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Thanksgiving—and Gratitude

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Thanksgiving—and Gratitude

Last week, I had one of the most frustrating days ever. I was supposed to pick up a prescription, then do a series of errands that would take up an hour or so of my time. My prescription wasn’t ready; the office-supply place had to order my printer-ink refill, the grocery store had to give me a raincheck for the eggs that were supposed to be on sale, and I was feeling like life just shouldn’t be this difficult. Then, when I came home, I happened upon an article about a man in Mexico whose job is to locate mass graves from the early days of the drug war.

That pretty much took the wind out of my sails. Here I was, complaining about not being able to get all the “stuff” I wanted; all this man wanted was to find his son’s body. I immediately felt a rush of shame at my own shallowness… and a rush of gratitude that no child of mine had been murdered and was buried in an unknown location.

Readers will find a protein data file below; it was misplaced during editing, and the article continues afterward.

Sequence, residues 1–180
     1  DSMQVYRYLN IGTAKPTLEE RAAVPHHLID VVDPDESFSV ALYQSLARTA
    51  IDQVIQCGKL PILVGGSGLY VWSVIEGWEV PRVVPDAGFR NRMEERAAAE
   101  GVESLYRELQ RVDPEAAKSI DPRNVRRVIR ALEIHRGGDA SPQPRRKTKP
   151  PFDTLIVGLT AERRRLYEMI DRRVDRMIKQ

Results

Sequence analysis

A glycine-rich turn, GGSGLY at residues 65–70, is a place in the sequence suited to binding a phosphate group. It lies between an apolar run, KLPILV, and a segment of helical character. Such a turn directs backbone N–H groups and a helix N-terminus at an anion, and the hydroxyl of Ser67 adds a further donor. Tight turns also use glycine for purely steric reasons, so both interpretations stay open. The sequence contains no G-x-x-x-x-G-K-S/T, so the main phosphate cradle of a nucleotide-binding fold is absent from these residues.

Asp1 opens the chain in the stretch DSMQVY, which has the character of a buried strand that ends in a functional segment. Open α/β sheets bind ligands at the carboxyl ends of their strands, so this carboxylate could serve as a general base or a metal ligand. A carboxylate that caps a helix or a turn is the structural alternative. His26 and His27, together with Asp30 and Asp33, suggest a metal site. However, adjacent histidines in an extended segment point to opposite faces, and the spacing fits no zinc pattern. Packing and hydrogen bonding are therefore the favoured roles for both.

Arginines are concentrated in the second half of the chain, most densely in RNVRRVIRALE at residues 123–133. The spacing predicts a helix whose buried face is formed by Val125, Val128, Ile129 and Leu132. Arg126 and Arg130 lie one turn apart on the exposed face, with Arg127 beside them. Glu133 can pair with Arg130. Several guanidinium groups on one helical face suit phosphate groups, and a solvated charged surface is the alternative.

And that led me, naturally, into Thanksgiving. A day we set aside to remember some dubious historical events and to give thanks for what we have—the two combining into a huge feast with family and friends. And that’s nice. It’s nice to have a time to gather. It’s nice to have at least one day out of the year when we’re reminded to be thankful for what we have.

Thanking more thoughtfully

I’m not here to deconstruct Thanksgiving, but I do think we could make it a little more—thoughtful.

And that led me to wonder what the difference is, really, between thankfulness and gratitude. Here’s what I found when I looked at the Oxford Dictionary:

  • "Thankful" is defined as "pleased and relieved." Both of those things are great feelings. I can't think of anyone who doesn't want to feel pleased and relieved. But that's just it; they're feelings.
  • "Grateful" is defined as "showing an appreciation of kindness." This is where the difference lies; being thankful is a feeling. Being grateful is an action.